The design of types 1 through 3 is straightforward using well-known routines.1 These are restricted to all-pole filters. Types 4 and 5 with finite transmission zeros require direct synthesis techniques. Type 5 is useful when an asymmetric response is required, such as high selectivity on one or the other side of the passband. The design of type 6 benefits from the integrated synthesis and simulation environment provided by GENESYS 7.5.2 The design of physically symmetric filters will be illustrated for the type 4 low pass.
A LOW PASS WITH FINITE ZEROS AND PHYSICAL SYMMETRY
Consider the =S/FILTER= specification tab of a 2300 MHz low pass filter shown in Figure 1. All-pole low pass filters have all zeros of transmission at infinite frequency. To improve selectivity this filter includes transmission zeros at finite frequency. The placement of zeros conforms to the rules of type 4: the number of zeros at infinity is odd (1) and finite zeros are paired at 3800 MHz.
The schematic for the low pass is shown in Figure 2. Note the symmetry of the component values mirrored about the center 4.8914 nH inductor.
CONVERTING THE 2300 MHz LOW PASS TO DISTRIBUTED
This example illustrates how to realize the previous 2300 MHz low pass with distributed elements. The inductors are replaced with high impedance transmission lines3 using the formula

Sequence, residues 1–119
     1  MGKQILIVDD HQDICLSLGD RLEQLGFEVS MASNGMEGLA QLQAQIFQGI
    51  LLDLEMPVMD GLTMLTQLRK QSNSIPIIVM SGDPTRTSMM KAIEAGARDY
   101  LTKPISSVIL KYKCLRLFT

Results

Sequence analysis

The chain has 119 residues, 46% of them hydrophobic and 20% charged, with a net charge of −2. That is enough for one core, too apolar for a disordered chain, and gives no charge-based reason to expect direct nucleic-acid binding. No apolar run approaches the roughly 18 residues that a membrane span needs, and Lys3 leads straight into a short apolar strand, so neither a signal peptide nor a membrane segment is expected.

Z0 = ωL/sin
Z0 = characteristic impedance of the line
= electrical length of the line
ω= cutoff frequency in radians of the low pass filter
A higher impedance line results in shorter lengths thus improving the equivalence of a line to a lumped inductor.
The capacitors are replaced with low impedance lines3 using the formula
Z0 = sin /ωC
The series inductors are replaced with 10 mil wide lines and the shunt capacitors are replaced with 280 mil wide lines. The substrate parameters are
Er = 2.55
Tan = 0.0004
Rho = 1
Roughness = 0.055
Tmet = 0.71 mils
H = 31 mils
Using =T/LINE= the 10 mil wide lines are found to have a characteristic impedance of approximately 135 Ω and a full wavelength is 3733 mils at 2300 MHz. The 280 mil wide lines have a characteristic impedance of 20.7 Ω and a full wavelength is 3380 mils. The equivalent distributed structure is then shown in Figure 3 with the following dimensions
L1 = ?156
L3 = ?329
L4 = ?82.9
L6 = ?211
W1 = 10
W6 = 280